Friday, May 19, 2017

Friday's Faces From the Past

My 17th Great-Grandfather
King John of England

John was born 24 December 1166. He was the youngest son of King Henry II of England and Queen Eleanor of Aquitaine.  He married (2nd) to Isabella of Angouleme, who brought substantial land claims to the marriage. (Isabella was my 17th Great-Grandmother.)

John and Isabella had 5 children together. Henry III, Richard 1st, and daughters, Joan, Isabella and Eleanor.

Richard became 1st Earl of Cornwall, and it is through Richard that I am descended.

King John of England reigned from 6 April 1199 until his death on 19 October 1216.

He is said to have only been 5'5" tall, stocky, and with a shockingly red head of hair. It is said that he loved reading, and never traveled without, with what to many seemed, a full library of books. (Perhaps therein lies my fascination in reading books. No matter what kind!) It is also said that he could fly into a rage over anything. He would become so infuriated that he would bite at his own hands and fingers until he brought blood. John was essentially raised by his wet-nurse, and neither of his parents spent any time with him. They were both away from him for several years at a time as they travelled about. This could explain his anger and rage, and self punishment.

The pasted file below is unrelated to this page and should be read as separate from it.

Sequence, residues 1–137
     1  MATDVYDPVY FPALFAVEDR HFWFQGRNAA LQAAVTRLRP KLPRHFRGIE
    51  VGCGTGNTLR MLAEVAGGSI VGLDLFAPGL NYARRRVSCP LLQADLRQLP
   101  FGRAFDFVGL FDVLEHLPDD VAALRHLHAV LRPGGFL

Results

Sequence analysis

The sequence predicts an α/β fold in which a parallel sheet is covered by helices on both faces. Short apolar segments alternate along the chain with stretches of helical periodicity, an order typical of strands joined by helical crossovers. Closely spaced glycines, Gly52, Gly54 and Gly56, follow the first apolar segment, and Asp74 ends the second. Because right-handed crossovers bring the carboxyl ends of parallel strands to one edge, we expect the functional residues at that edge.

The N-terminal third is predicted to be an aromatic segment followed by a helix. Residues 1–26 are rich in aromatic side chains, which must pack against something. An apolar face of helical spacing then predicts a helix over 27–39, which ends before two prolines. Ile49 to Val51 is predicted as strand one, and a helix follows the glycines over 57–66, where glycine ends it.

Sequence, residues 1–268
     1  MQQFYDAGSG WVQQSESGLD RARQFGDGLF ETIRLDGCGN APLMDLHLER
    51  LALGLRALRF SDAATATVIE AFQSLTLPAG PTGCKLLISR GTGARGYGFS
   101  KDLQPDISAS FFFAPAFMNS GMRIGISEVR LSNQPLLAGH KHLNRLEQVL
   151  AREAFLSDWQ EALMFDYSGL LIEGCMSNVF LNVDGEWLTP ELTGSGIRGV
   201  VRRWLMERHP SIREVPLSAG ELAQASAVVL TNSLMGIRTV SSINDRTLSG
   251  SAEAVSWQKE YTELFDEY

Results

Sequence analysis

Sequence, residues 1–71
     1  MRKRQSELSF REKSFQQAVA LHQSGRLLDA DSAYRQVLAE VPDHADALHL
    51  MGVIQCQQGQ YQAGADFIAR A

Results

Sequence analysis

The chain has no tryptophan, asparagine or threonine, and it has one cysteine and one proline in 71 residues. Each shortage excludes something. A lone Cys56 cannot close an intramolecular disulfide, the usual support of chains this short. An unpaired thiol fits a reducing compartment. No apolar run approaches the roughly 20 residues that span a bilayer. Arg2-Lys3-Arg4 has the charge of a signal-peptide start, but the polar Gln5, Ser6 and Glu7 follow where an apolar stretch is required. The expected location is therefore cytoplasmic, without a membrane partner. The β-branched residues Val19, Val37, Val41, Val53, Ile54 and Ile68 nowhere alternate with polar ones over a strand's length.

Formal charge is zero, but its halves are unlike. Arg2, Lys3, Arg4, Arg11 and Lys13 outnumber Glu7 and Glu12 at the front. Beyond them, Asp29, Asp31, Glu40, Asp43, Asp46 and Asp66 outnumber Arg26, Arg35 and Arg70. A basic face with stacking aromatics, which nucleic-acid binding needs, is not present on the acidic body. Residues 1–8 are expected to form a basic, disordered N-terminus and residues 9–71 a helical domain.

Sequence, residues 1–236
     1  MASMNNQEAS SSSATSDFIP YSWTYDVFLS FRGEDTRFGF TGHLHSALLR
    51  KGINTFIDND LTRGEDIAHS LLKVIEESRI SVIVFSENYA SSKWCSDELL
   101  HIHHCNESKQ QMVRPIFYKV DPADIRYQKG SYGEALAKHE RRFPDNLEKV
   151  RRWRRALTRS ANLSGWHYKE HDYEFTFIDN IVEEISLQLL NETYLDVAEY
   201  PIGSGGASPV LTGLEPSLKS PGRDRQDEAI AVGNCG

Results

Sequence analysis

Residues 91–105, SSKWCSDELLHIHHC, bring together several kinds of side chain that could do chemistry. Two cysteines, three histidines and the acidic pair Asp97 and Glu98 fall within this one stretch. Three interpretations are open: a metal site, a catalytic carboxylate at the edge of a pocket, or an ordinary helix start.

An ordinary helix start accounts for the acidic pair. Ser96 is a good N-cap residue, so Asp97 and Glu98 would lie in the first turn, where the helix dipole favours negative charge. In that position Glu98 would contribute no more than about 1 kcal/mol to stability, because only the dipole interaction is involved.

Perhaps John is most well known today, not for his military prowess, which was great, but for the fact that as he was escaping the enemy in 1216, he led his men in a rush through a swampy area called the Wash. As his men and horses fought to get through the sucking mud and traverse around the many areas of quicksand, it is said that he lost his precious cargo of the Crown Jewels. They are believed to have been in a rather large trunk, and lost in the muddy swamplands. (This event was recently a study on the The Travel Channel's "Expedition Unknown" starring archeologist Josh Gates.

Other artifacts were, indeed, located in the swampy marsh, which confirmed that English traveler's did traverse the swamp. But the crown jewels were not located.

*****Re: Those Places Thursday - Were you able to figure out where yesterday's place was? Or what the name of the statue was?

The statue was Perseus with the head of Medusa, and while this isn't the only statue by the name, as several individuals sculpted one, this one is located in Florence, Italy.

No comments: